Fall drives to see brilliant changing leaves are a Colorado right of passage. Set against a backdrop of a blue Colorado sky and the dramatic colors, these four routes are beautiful and sometimes a little quirky — look out for a fake glacier, a frozen dead guy, a town that inspired a TV series and the legacy of a benevolent, canyon-dwelling hermit.
For even more scenic drives, check out our quick guide to Colorado's 26 scenic byways.
1. Fall River Road to St. Mary's Alice Glacier
Distance: 9 miles one way
From Denver, take I-70 west to exit 238 (Fall River Rd.). Follow Fall River Rd. north for nine miles to the St. Mary's Alice trailhead. Although not restricted to 4WD vehicles, the road is very steep and winding.
Despite its name, St. Mary's Alice glacier is more of a perennial snowfield because it doesn't flow. You will see, however, the changing fall colors of dense willows and Rocky Mountain bristlecone pines. This winding alpine drive is convenient and easy to find, ending with the option of a short, moderately difficult hike.
If you decide to attempt the 1.5-mile hike to the "glacier" and lake, there is a fee to park. 1.5 miles might not sound long, but it is an uphill climb at elevations reaching 11,000 feet. Your reward for your hard work: stellar alpine views and the rare right to say you've hiked a perennial snowfield.
2. Conifer to South Park over Kenosha Pass
TV fans recognize the name South Park from the eponymous animated series, but only the most dedicated fans know that the show is actually based on the writers' experiences growing up in Conifer, not South Park. This drive connects both of these areas via high-altitude Kenosha Pass, which is wide and well maintained, with easily navigated turns. It is one of the best drives in Colorado to view autumn's leaves — vibrant reds and glowing yellows of the aspen woodlands are a striking contrast to the ponderosa pines and Douglas firs around Conifer. The pass eventually spills out into the high grassland basin of South Park, where unobstructed views of the Mosquito Range peaks appear in the west.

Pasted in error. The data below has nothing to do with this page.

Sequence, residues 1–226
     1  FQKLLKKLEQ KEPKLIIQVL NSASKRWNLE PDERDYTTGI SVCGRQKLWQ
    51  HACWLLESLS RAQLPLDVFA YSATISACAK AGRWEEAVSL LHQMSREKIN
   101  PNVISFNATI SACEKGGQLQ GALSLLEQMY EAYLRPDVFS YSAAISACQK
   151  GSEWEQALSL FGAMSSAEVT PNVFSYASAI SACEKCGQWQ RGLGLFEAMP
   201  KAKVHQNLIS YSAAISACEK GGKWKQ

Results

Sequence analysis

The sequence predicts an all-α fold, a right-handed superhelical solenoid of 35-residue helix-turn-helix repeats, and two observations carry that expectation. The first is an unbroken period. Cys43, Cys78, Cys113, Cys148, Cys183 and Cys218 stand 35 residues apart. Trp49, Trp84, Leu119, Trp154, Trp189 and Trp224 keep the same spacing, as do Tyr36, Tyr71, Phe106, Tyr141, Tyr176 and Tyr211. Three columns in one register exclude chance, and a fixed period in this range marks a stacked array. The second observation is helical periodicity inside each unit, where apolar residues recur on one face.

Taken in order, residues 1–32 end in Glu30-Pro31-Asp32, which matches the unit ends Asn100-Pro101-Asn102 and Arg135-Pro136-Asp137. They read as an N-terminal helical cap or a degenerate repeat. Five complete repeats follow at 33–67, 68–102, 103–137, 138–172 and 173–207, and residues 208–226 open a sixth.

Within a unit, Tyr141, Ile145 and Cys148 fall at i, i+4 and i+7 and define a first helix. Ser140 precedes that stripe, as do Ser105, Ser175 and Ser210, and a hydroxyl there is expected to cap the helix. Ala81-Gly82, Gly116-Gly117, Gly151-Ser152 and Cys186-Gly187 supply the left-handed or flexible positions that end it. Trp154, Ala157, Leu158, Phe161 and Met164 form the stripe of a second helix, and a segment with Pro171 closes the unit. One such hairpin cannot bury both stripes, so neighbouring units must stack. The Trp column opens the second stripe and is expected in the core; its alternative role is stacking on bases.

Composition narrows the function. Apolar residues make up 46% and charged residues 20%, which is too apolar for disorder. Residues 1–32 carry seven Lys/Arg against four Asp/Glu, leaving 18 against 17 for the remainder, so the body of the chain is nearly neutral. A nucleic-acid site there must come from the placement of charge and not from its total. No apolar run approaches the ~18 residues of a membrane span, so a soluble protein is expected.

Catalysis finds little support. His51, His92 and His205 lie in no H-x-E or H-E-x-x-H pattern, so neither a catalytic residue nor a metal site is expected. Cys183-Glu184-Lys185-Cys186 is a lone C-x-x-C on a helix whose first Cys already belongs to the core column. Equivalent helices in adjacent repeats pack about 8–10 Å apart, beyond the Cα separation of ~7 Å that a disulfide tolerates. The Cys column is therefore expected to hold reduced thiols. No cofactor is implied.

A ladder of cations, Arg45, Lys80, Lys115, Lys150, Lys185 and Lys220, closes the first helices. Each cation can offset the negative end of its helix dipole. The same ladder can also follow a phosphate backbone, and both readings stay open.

3. Nederland to the Fourth of July Trailhead
Distance: 9 miles one way
To reach the Fourth of July Trailhead from Nederland, drive south on CO 119 for 0.5 miles. Take a right on County Road 130 toward Eldora. Follow the paved road through the valley past the town of Eldora, until the pavement ends. Continue another 4 miles to the end of the road. You do not need a 4WD vehicle, but much of the road is unpaved and very bumpy. Anticipate very slow speeds.
Located 17 miles southwest of Boulder, Nederland is a historic mining town that now embodies an eclectic vibe — as an example, it's the home of the Frozen Dead Guy Days, an annual spring festival celebrating one resident's amateur attempts at preserving his dead grandfather. After your drive out to the Fourth of July Trailhead, stop in at a local brewery for a bite to eat and have a craft brew. Take this chance to relax after your drive — it's on a pretty rugged and slow-going dirt road. You will be greatly rewarded, though, with a fall scene of densely wooded, fiery aspen trees. The trailhead, named for its tendency to have snow on the ground until the Fourth of July, is a popular starting point for many hikes in the area.
4. Rim Rock Drive Through Colorado National Monument
Distance: 23 miles one way
Take I-70 west to Grand Junction, exit 31 (Horizon Drive). Follow signs through Grand Junction to the monument's east entrance.
Colorado's Grand Valley feels like cowboy country. As you drive along Rim Rock Drive in Colorado National Monument, you'll wish you were trotting along atop your horse, tipping back your Stetson as you peer out at the sunset-colored plateaus, canyons and arches. The drive is a well-maintained paved road traversing the monument. You'll want to get out of the car to enjoy the crisp fall air and to snap some photos of the red-and purple-streaked, water-sculpted cliff walls, whimsically arranged rock formations and sky-high mesas. 2011 marked the monument's centennial anniversary, and as one element of the celebration, a statue of John Otto was unveiled in nearby Fruita. As the monument's first park ranger, Otto was so devoted to the area that he was described in news accounts as the "Hermit of Monument Canyon."